“Teach Your Children,” Crosby, Stills Nash and Young sang in 1969. The title resonates 50 years later when it comes to financial literacy.
A new report says that American teenagers are sold on the American Dream — but they seem to have no idea how to pay for it.
A Junior Achievement/Fannie Mae survey shows the vast majority (88%) of US teenagers aspire to own a home someday, but report significant financial and homeownership knowledge gaps.
The survey also says that 85% of teens believe owning a home is part of “the good life,” compared with 87% of adults, based on Fannie Mae’s Q4 2020 National Housing Survey.
Yet less than half (45%) of surveyed teens could correctly define a home mortgage while three-quarters (76%) of younger Americans said they “lacked a clear understanding of credit scores.”
The survey of 1,000 nationally representative US teens between the ages of 13 and 17 was conducted from May 25 through May 31, 2022, by Wakefield Research.
“There’s been this theme that younger Americans aren’t interested in homeownership, but the results of this survey contradict that assumption,” said Jack E. Kosakowski, president and chief executive of Junior Achievement USA, a Colorado Springs, Colo., nonprofit that says its mission targeting young people is “economic empowerment through education.”
“Teens appear very interested in owning a home someday, but seem to realize they need more information on how to do it.”
Teens’ Financial Literacy Lags
Financial experts say that many younger Americans aren’t money savvy and have a lot to learn to get there.
“The study is true,” said Bill Ryze, a chartered financial consultant at Fiona in Memphis. “Teens hope to own a home, but they are financially illiterate. In my experience, they don’t understand home mortgages, and very few of them understand credit scores.”
The main problem and contributor to financial illiteracy among teens is that not enough financial-literacy classes address teens, and those that are in place are less than fully effective.
“The US needs a better national strategy to address finances among the youth,” Ryze told TheStreet.
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“The financial illiteracy among them is worrying, and we need to come up with clear standards and devise how we can teach financial education to establish positive behavior. There is a need to train educators to deliver financial education effectively.”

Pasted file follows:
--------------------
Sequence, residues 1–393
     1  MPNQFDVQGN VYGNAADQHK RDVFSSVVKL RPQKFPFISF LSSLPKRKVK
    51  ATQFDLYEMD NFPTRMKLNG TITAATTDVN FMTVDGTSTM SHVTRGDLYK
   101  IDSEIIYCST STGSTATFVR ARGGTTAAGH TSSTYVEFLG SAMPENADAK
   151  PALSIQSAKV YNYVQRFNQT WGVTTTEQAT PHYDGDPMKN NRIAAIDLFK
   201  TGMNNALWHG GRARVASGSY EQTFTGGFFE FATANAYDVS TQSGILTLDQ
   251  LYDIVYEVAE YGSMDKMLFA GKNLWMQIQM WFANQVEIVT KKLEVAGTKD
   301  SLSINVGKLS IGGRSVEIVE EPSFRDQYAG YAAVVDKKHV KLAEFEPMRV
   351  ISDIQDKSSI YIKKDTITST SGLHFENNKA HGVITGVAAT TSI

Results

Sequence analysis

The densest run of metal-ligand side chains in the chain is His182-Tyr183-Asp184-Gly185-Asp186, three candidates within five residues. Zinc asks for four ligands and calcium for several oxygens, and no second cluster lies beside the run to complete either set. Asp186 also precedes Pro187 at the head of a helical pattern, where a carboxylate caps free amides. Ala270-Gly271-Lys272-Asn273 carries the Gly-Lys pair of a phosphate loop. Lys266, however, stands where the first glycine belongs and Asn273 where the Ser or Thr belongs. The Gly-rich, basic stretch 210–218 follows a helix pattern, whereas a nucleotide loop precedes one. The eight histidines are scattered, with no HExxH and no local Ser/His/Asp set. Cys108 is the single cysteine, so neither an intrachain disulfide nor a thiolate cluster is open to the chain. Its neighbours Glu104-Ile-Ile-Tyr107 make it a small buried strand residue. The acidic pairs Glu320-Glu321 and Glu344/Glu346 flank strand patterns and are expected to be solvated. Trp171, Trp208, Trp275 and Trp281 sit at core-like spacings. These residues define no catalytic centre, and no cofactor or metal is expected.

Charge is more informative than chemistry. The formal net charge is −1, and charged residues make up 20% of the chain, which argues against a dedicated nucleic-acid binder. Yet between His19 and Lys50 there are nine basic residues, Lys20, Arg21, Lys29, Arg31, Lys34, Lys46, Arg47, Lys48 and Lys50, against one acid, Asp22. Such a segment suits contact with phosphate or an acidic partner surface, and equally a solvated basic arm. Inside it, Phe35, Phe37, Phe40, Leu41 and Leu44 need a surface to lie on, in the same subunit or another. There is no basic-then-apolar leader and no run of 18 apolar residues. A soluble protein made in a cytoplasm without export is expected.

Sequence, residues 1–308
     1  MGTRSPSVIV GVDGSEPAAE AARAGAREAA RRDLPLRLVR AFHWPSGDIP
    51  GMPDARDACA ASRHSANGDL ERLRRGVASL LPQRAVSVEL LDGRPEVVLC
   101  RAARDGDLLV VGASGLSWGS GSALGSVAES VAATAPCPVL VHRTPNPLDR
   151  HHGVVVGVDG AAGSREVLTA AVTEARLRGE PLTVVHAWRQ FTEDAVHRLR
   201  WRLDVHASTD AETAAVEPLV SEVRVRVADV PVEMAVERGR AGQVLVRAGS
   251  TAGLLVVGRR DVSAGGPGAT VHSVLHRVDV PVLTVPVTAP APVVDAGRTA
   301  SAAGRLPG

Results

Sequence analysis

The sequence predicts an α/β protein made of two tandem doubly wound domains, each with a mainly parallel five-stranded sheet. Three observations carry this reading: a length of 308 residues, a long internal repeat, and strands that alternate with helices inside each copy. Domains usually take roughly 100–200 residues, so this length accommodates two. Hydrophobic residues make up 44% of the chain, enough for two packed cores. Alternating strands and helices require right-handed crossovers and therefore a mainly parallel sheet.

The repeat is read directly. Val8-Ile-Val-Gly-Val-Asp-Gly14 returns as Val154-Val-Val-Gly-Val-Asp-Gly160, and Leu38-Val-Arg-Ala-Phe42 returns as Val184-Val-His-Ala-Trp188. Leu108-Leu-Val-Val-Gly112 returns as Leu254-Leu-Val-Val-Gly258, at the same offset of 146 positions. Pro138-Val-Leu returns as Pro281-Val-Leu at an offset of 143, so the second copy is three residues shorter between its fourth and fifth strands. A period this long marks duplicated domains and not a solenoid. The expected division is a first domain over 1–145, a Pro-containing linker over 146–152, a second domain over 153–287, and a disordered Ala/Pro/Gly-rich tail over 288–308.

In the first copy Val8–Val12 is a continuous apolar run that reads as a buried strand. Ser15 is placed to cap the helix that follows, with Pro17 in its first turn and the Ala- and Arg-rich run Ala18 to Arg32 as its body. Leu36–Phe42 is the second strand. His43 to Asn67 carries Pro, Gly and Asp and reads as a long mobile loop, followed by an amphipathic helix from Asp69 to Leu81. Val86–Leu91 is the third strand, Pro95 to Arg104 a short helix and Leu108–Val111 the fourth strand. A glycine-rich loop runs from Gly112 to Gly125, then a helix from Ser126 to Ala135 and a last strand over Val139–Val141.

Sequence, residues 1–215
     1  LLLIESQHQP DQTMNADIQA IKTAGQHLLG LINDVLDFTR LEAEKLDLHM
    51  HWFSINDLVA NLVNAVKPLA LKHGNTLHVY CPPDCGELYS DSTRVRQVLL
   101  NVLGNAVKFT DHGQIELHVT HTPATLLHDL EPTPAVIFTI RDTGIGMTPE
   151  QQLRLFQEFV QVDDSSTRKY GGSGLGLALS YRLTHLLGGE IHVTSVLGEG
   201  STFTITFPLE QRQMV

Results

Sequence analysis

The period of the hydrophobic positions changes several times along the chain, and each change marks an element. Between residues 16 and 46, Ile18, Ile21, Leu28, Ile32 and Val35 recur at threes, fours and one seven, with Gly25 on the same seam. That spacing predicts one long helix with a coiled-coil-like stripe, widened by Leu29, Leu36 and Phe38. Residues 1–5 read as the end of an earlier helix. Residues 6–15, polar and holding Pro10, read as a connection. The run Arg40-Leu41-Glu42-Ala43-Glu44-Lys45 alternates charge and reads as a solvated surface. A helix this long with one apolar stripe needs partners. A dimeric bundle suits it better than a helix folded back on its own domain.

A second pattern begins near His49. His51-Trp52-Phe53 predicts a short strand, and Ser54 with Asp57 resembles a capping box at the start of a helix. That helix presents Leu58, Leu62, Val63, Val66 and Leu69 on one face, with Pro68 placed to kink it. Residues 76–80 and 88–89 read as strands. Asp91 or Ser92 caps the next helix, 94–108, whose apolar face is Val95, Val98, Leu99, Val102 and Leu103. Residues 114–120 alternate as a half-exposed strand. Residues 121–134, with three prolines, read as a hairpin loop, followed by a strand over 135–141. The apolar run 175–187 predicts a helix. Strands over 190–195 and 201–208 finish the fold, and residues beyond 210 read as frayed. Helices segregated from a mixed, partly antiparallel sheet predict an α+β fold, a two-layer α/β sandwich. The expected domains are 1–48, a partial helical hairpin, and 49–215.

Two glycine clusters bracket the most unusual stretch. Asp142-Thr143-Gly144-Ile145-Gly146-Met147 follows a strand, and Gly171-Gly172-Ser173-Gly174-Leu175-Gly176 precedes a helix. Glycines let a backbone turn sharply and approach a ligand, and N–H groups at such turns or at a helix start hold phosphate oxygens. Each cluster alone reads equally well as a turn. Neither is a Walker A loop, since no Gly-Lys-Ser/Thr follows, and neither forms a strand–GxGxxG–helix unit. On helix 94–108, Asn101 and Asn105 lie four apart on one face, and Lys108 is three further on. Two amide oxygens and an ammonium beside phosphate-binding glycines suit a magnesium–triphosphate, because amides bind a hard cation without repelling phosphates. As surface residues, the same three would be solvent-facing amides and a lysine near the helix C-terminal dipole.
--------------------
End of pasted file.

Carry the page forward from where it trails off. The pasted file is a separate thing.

Education Is the Key
What can parents, schools, and the financial sector do to prepare today’s teens for the “real financial world” that’s right around the corner?
Money experts have some ideas.
“Find resource-friendly financial materials like age-appropriate books on finance to help them grasp financial concepts,” Ryze said.
“Also, engage them in financial-related activities like working with them to create a home or school budget and sticking to it.”
On all fronts, it’s also advisable to encourage kids to save, with both short and long-term goals.
“The ability to buy things they need from their savings or add interest to their savings could motivate them,” he added.
“Explain to them what debt is, how credit cards work and why a good credit score is essential. It may seem a lot to discuss with teens, but it helps them learn how to be responsible and avoid falling into debt.”
Parents should also be on the front line of financial literacy, as money lessons truly begin at home.
“Including children in some household financial conversations, helping them to establish savings accounts, build credit early with a prepaid credit card, and encouraging part-time jobs all contribute to early financial literacy,” said Erin Sykes, chief economist at Nest Seekers International, the New York residential broker.
Online learning programs geared to kids — like Juni Learning, Education 10x, and Bankaroo — can help, too.
“By using these tools, teens can establish a path to home ownership and the good life rather than feeling intimidated or overwhelmed,” Sykes said.